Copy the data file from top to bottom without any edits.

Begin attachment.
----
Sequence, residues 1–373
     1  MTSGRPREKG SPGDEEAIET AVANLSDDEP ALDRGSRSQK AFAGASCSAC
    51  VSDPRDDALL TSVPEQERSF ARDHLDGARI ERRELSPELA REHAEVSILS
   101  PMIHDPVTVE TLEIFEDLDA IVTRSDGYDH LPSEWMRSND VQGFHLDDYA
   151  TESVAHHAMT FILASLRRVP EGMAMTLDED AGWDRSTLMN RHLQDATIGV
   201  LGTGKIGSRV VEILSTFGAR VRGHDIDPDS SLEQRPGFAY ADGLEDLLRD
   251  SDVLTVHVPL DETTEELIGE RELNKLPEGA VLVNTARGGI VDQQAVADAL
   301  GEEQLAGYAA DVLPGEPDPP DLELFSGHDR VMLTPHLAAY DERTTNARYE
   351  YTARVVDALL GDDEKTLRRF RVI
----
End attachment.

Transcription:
Sequence, residues 1–373
     1  MTSGRPREKG SPGDEEAIET AVANLSDDEP ALDRGSRSQK AFAGASCSAC
    51  VSDPRDDALL TSVPEQERSF ARDHLDGARI ERRELSPELA REHAEVSILS
   101  PMIHDPVTVE TLEIFEDLDA IVTRSDGYDH LPSEWMRSND VQGFHLDDYA
   151  TESVAHHAMT FILASLRRVP EGMAMTLDED AGWDRSTLMN RHLQDATIGV
   201  LGTGKIGSRV VEILSTFGAR VRGHDIDPDS SLEQRPGFAY ADGLEDLLRD
   251  SDVLTVHVPL DETTEELIGE RELNKLPEGA VLVNTARGGI VDQQAVADAL
   301  GEEQLAGYAA DVLPGEPDPP DLELFSGHDR VMLTPHLAAY DERTTNARYE
   351  YTARVVDALL GDDEKTLRRF RVI